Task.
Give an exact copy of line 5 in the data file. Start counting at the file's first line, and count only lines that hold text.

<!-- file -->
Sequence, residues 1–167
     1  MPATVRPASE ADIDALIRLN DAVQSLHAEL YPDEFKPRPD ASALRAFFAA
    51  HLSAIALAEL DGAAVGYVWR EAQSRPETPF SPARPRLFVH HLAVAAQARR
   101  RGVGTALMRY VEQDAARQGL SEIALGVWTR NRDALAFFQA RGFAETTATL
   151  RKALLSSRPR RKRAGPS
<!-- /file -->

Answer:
   151  RKALLSSRPR RKRAGPS